‘You count!’ Chester students receive important message at SISAA assembly

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The Southern Illinois Substance Abuse Alliance (SISAA) traveled to Chester on Monday, March 21 to deliver an important message to students in District 139: “You matter!

Sixth through 12th graders gathered at the Colbert Gymnasium to hear educator Brent Swolsky promote positive living and interpersonal communication.

“When young people know someone cares about them, it makes a difference. Everything we have done over the years has been to promote care in one way or another,” said Dennis Trask, youth prevention coordinator at Comwell, which is a SISAA partner.

Swolsky spoke with great enthusiasm and immediately engaged the students by sharing his life experiences.

To demonstrate the importance of good communication skills, Swolsky had the students face each other and shake hands firmly while looking directly into the other person’s eyes. This, he said, creates a connection with that person and lets them know that you are listening to them in a meaningful way.

Swolsky then talked to the students about making a five-year plan for themselves. By maintaining progress checks and actively reflecting on how they are living in relation to their goals and expectations, it is easier for students to succeed, he said. To drive home the point, Swolsky asked participants to close their eyes and engage in a guided imagery exercise.

At one point during the assembly, Swolsky asked for volunteers to come onto the floor to take part in an exercise that demonstrated how support and trust can be huge helping factors in times of need. By finding and using support systems in our lives and in the community, he said, people can survive difficult times and lead successful lives.

Throughout the presentation, Swolsky emphasized the importance of everyone knowing and realizing that “you matter”, and because you matter, there are many sources of support in the community and at school to help when problems become too big to handle alone.

All students received bright yellow wristbands with the words “YOU MATTER” to remind them that people care about them and are there for them when needed.

They also received a business-sized card listing several sources of help, including the phone number of a suicide hotline and a place to call to speak calmly when an anonymous discussion is desired.

The Chester assembly was part of two days of programming designed by SISAA to let students know that there are people who really care about them in Randolph County.

Earlier Monday, SISAA and Swolsky hosted a Teen Summit at the Sparta World Shooting Complex, where students were trained on what to look for in their classmates who could lead to dangerous issues such as drug abuse and of alcohol. High school students from Coulterville, Marissa, Red Bud and Sparta were in attendance.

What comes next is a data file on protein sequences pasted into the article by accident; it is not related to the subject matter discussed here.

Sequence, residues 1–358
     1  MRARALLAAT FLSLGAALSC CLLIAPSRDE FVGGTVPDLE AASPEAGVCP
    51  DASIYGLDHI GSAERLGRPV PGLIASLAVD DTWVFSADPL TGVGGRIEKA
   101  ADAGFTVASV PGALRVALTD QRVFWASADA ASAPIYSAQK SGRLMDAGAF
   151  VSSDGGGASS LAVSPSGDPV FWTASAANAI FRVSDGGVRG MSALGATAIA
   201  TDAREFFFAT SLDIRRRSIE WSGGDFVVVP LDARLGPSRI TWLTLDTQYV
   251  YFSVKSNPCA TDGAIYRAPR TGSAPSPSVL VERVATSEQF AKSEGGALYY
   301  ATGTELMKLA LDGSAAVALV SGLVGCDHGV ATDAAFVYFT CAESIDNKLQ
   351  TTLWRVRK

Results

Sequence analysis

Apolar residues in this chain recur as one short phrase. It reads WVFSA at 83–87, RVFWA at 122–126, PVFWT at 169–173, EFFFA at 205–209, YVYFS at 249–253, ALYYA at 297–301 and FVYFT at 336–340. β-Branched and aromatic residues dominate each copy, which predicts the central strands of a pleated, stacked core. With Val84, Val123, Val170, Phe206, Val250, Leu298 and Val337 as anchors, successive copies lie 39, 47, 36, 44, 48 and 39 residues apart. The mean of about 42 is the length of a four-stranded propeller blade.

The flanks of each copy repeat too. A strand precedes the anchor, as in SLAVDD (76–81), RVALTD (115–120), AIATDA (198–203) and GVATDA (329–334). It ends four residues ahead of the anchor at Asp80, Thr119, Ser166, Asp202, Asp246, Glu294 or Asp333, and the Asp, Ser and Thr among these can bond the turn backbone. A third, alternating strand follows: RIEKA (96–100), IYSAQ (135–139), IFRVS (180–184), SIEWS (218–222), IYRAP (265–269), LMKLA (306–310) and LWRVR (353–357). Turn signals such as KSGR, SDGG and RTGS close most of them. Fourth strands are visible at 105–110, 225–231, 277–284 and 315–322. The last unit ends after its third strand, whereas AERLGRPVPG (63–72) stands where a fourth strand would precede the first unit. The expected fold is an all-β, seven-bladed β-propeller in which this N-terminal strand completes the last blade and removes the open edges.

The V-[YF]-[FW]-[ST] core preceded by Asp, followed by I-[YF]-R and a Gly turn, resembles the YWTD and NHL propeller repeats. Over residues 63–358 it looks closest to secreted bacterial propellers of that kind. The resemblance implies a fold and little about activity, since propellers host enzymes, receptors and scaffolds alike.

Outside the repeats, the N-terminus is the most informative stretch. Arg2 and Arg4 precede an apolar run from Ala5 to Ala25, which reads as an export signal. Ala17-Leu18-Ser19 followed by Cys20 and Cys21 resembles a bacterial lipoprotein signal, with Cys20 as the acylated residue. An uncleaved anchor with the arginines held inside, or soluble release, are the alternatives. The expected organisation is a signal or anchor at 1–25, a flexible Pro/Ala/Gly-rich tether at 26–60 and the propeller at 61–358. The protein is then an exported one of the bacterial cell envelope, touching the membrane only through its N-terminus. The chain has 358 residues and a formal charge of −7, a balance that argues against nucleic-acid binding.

On Tuesday, March 22, SISAA and Swolsky presented their “You Matter” program in Coulterville, Steeleville and Sparta.

SISAA volunteers who came to support the program in Chester included Mariah Bargman, President of SISAA; Rhonda Wilson, Vice President of SISAA; Tony Glasser; Shannon Glasser; Denis Trask; and John Reith, ComWell Recovery Coordinator.

Bargman welcomed everyone to the Chester assembly and thanked several donors who made the event possible.

Bargman said: “I would like to thank the following companies and individuals for their financial donations and overall support of these assemblies and the Teen Summit held in conjunction with the event. These included the Red Bud Dairy Queen, Pistol City and Jim and Julie Angel, in memory of their niece Emily, whose life was cut short by drug abuse.

Swolsky has been an educator for 22 years, including as a special education teacher and secondary school counselor. In 2019, he received the Behavioral Health Prevention Leader Award from the Illinois Association for Behavioral Health.

In coordination with the program, teachers, staff and administrators received educational materials to help them prevent underage alcohol and other drug use. By knowing how to identify at-risk students and recognize the signs of alcohol and drug use, school staff can play an important role in prevention.

Teachers and staff can help at-risk students by simply talking with students, being a good source of information, using personal stories to help students understand issues, and helping students develop a recovery plan. out to deal with peer pressure to get involved in drugs. and alcohol.

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